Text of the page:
Joicie Appell keeps the Unicorn’s Well from getting too serious for its own health

Early on in the Unicorn Theatre’s production of the inventive Broadway hit Well, just a couple of seconds after we realize that the play has, in fact, started, actress Melinda McCrary insists that what we are about to see is not a play at all. “It’s a theatrical exploration,” McCrary grandly says, “of issues of health and illness both in the individual and in a community.” A flutter in that reedy, comic voice of hers cues us not to take this too seriously. McCrary — who is playing the playwright Lisa Kron, though we might not have gleaned that yet — keeps on, outlining the schematic conceit behind the night’s entertainment: monologues and scenes that use her mother’s lifelong illnesses, along with 1960s integrationist activism, to explore universal issues of — well, something that must have sounded great on the grant proposal.

Happily, all this talk of universals is lanced by a yelp from the absolutely specific: that very mother (Joicie Appell), a house-dressed old dear who has been conked out in the easy chair at stage left since before the show started. McCrary’s Kron is startled, but not as much as the mother is. There’s an audience in her living room, and she’s almost immediately up and bustling, insisting she get us a drink.

Charmingly cracked yet fundamentally serious, Well spitballs together Kron’s autobiographical monologues with full-cast scenes and more meta-theatrical fourth-wall smashing than an undergrad playwriting workshop. While McCrary-as-Kron shares sharp, engaging stories of her youthful experiences in an allergy ward, or as one of the few white kids in a black school, Appell-as-the-mother offers corrections, questions and sensible objections. Following a pat scene depicting ’60s neighborhood organizing, the mother points out how much Kron has cut out while packing life into a play. We agree.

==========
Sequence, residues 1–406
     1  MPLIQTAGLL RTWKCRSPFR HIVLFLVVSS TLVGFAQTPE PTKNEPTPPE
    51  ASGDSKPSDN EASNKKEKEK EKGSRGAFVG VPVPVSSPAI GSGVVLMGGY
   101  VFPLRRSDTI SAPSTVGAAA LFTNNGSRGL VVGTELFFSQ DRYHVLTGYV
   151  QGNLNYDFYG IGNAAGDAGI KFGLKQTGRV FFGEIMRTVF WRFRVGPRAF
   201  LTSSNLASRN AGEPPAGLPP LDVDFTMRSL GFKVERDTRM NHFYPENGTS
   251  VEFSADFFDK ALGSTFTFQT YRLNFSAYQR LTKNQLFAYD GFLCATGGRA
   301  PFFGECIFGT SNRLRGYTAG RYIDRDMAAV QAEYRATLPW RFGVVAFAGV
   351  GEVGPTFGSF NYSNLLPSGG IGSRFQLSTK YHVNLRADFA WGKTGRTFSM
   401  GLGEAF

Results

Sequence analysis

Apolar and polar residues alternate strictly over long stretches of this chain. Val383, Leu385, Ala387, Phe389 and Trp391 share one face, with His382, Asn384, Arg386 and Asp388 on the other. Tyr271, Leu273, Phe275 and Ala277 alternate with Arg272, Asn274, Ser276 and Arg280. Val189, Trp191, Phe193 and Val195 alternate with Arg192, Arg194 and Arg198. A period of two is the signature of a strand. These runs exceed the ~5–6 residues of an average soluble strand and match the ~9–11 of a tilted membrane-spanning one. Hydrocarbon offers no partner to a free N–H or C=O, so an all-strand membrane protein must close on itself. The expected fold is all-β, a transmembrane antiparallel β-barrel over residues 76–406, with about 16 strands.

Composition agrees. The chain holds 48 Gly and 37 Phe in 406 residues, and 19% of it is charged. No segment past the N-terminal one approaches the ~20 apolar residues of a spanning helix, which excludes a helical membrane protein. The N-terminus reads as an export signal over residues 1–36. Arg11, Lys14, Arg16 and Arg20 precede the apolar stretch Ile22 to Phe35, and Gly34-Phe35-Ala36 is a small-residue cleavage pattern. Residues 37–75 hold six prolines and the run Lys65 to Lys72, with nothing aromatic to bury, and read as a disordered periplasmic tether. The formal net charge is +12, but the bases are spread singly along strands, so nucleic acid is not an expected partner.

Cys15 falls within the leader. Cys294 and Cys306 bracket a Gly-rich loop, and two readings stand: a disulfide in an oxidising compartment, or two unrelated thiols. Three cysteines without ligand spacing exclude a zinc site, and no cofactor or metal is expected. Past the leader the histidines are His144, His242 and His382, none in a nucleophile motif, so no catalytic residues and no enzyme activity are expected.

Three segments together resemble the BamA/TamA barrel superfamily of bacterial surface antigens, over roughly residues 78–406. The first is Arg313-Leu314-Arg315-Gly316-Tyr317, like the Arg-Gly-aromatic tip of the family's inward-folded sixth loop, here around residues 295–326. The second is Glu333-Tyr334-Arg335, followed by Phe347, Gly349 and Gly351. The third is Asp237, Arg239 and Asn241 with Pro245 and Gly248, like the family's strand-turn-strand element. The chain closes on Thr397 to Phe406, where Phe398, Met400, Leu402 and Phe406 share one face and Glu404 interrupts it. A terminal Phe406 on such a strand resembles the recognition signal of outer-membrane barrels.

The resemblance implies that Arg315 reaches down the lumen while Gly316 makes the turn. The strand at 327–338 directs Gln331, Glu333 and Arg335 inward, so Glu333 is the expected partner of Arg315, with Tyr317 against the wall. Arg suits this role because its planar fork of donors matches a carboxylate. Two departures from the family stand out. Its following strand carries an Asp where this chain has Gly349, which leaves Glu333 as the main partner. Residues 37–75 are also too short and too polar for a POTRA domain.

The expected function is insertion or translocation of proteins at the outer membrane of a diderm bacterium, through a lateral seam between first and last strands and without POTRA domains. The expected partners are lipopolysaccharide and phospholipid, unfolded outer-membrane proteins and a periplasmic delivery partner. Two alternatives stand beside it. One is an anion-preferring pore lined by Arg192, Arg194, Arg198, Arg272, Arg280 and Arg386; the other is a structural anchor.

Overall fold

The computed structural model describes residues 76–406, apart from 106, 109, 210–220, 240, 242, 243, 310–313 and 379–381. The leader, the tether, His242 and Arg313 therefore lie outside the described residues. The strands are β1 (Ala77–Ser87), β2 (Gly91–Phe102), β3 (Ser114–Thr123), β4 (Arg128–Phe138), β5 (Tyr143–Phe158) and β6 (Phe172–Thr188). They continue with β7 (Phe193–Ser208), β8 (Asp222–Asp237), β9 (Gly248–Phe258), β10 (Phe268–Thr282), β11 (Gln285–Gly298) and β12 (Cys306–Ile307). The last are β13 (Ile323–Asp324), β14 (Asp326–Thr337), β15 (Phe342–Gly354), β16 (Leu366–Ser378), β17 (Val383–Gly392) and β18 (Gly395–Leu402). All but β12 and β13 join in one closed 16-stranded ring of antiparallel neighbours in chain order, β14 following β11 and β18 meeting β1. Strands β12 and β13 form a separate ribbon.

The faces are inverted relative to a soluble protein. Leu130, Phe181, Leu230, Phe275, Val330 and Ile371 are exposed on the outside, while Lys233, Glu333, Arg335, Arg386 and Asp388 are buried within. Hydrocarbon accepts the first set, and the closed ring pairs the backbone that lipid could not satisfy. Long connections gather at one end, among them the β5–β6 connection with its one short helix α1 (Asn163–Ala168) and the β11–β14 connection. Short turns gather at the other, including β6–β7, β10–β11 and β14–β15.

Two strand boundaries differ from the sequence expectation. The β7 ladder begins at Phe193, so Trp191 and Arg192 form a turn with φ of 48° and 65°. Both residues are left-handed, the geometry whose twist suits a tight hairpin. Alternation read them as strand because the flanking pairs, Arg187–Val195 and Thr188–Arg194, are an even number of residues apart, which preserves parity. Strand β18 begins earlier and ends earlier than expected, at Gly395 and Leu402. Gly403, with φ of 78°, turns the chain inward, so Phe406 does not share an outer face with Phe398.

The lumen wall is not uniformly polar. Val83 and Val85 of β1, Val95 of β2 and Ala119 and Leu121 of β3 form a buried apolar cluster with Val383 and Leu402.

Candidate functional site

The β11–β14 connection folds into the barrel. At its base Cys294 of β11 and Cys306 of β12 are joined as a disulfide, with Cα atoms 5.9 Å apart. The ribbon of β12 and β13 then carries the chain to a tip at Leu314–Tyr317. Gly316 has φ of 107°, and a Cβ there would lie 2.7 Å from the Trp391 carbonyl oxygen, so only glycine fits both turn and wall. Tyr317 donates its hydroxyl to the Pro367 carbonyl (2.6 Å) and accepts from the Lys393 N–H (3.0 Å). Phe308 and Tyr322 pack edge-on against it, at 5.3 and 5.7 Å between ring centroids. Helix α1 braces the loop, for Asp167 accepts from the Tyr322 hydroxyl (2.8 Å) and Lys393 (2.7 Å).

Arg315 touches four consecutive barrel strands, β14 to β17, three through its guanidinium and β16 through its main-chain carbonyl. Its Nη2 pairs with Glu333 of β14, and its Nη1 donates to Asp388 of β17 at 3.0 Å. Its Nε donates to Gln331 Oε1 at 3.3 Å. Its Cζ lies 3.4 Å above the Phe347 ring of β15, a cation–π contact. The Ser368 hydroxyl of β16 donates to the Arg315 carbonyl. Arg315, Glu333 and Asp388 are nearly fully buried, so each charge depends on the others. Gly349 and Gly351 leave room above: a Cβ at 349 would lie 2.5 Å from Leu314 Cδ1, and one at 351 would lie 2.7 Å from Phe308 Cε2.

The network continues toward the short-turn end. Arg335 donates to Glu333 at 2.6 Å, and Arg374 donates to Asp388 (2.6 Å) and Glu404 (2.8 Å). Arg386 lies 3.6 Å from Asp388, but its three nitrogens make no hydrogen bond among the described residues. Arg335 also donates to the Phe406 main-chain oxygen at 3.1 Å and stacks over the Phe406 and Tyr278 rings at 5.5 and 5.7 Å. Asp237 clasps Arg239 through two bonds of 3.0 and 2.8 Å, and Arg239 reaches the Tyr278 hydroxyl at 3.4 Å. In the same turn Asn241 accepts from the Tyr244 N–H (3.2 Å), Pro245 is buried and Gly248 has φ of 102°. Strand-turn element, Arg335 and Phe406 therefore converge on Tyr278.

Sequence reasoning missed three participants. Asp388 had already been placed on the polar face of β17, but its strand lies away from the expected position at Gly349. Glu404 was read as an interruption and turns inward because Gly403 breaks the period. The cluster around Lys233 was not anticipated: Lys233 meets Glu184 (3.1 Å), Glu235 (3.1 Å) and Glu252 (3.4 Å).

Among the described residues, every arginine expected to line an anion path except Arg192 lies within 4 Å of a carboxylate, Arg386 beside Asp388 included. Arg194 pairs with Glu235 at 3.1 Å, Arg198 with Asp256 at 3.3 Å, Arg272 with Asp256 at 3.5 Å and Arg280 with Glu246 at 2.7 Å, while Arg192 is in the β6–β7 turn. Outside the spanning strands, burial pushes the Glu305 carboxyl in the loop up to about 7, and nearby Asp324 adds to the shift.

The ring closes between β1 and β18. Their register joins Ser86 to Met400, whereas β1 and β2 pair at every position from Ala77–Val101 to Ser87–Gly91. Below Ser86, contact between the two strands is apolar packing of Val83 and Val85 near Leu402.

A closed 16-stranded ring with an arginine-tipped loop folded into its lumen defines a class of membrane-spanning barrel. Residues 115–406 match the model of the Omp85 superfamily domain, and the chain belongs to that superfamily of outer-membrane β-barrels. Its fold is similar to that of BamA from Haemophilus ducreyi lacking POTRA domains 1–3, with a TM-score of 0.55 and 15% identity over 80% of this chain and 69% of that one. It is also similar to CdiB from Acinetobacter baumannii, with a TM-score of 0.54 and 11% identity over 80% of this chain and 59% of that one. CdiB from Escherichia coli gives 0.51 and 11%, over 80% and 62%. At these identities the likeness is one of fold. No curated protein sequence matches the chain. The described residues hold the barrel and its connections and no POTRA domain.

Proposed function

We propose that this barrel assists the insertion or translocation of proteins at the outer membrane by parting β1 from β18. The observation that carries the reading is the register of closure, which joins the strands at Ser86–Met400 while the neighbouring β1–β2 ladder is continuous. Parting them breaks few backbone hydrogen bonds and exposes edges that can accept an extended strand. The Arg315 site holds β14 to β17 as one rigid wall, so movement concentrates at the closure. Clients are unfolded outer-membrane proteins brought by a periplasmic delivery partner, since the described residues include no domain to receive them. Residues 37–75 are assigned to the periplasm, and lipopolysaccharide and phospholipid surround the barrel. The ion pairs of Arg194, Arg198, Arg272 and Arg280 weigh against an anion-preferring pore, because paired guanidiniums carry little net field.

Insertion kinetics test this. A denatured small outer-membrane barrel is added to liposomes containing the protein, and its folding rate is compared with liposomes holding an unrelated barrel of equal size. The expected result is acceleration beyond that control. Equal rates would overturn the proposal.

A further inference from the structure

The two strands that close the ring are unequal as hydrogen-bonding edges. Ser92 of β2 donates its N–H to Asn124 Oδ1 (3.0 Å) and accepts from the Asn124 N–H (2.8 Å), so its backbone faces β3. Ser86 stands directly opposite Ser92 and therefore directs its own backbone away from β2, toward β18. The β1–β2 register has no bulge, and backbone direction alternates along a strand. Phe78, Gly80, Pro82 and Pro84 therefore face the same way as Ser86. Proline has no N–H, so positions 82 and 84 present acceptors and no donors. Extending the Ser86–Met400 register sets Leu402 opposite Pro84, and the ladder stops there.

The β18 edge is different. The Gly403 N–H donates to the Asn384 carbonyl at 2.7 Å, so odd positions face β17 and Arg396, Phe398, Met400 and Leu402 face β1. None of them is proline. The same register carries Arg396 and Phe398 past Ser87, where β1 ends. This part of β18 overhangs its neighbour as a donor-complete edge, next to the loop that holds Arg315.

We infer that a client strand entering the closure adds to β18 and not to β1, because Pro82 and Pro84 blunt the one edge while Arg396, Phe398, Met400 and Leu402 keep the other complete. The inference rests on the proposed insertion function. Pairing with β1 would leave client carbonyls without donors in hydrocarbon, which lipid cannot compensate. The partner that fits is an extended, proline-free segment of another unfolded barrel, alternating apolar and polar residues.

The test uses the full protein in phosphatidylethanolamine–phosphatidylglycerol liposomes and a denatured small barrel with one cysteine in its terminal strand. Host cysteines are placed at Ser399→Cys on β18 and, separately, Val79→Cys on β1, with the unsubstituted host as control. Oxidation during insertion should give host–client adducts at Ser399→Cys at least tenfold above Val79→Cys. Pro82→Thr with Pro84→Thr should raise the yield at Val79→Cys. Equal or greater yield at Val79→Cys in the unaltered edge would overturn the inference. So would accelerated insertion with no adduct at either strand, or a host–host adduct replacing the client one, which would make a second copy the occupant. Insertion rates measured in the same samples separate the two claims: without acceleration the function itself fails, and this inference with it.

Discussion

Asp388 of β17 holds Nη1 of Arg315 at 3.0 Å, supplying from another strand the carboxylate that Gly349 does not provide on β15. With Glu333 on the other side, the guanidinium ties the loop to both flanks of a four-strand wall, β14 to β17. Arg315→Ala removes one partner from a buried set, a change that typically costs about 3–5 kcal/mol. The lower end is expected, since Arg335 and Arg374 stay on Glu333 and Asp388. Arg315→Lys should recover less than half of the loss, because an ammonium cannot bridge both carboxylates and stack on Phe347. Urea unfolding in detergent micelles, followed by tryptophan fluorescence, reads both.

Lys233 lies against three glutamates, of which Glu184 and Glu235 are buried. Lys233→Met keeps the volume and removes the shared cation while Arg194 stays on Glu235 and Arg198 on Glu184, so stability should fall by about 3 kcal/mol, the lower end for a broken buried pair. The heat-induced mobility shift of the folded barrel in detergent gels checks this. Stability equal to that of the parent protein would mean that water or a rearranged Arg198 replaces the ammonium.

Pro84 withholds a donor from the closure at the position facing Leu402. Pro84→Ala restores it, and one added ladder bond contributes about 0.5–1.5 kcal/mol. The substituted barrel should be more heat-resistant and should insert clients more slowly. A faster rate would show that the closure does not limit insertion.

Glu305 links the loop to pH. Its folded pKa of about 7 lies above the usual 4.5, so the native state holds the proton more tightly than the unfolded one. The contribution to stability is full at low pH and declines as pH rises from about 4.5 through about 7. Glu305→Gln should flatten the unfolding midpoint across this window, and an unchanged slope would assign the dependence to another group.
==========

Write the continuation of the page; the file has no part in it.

Steadily, Kron-the-character loses control over Kron-the-playwright’s material. A bully from her childhood (the impressive Dana Thompson sporting an almost-as-impressive Rerun cap) shows up to push her around. Kron-the-character quails that this depiction of a black girl picking on a white girl creates the wrong perception; the mother, sensibly, thinks of the bully not as a misrepresentation but as a troubled girl. Soon, even the company of actors whom Kron-the-character has hired to act out her childhood admits to a preference for the mother’s version. Eventually, Kron-the-character — with expert frustration from McCrary — is left handling her own set changes.

Like McCrary, Appell boasts a choice comic voice: McCrary’s is a silky rasp; Appell’s is a cartoon caw. Such unruly pipes constricting and releasing in smartly written argument is one of Well‘s chief pleasures. As our hostess, McCrary demonstrates a comedienne’s knack for monologue, and the character’s escalating uncertainty in her material is communicated subtly, through her vanishing dimples and the flattening out of her expressive eyebrows. Appell, playing the mother, is sometimes broad and sometimes natural, but not in a stagey way. Instead, it’s the way of aggrieved, attention-craving mothers. Early in the play, Kron-the-character marvels at how her mother is always either utterly devoid of energy or absolutely crackling with it. Appell, throughout, makes this more than believable — she makes it make sense.

Walter Coppage, Rachael May Roberts and Kyle Mowry are all bustle and hustle as the actors who turn on Kron-the-character’s material. Director Joseph Price barrels through the material, but clear emotional logic links each sequence.

This might all sound more complex than it actually is. In short, the show pits Kron’s fussy thematic conceits against the recklessness of real life. The artist-daughter and realist-mother face off over meaning and memory in scenes of clever comedy and affecting monologue. To make her mother’s story illustrate broader societal points, Kron-the-character wants to strip away much of that story’s particularity. Because every playwright post-Everyman understands that specifics are the surest route to the universal, this is a bit of a cheat. Kron-the-character often seems more naïve than she should: Her ideas are freeze-dried, and her framework is too brittle.

Kron-the-playwright gets this, of course. By the end, she’s even managed to explore all those “issues of health and illness both in the individual and in a community.” But to do so effectively, she has had to accept that the show is about people instead of issues. What’s most impressive here is that she has managed to do so while still giving audiences what feels like 90 minutes of comic dessert.

Categories: A&E, Stage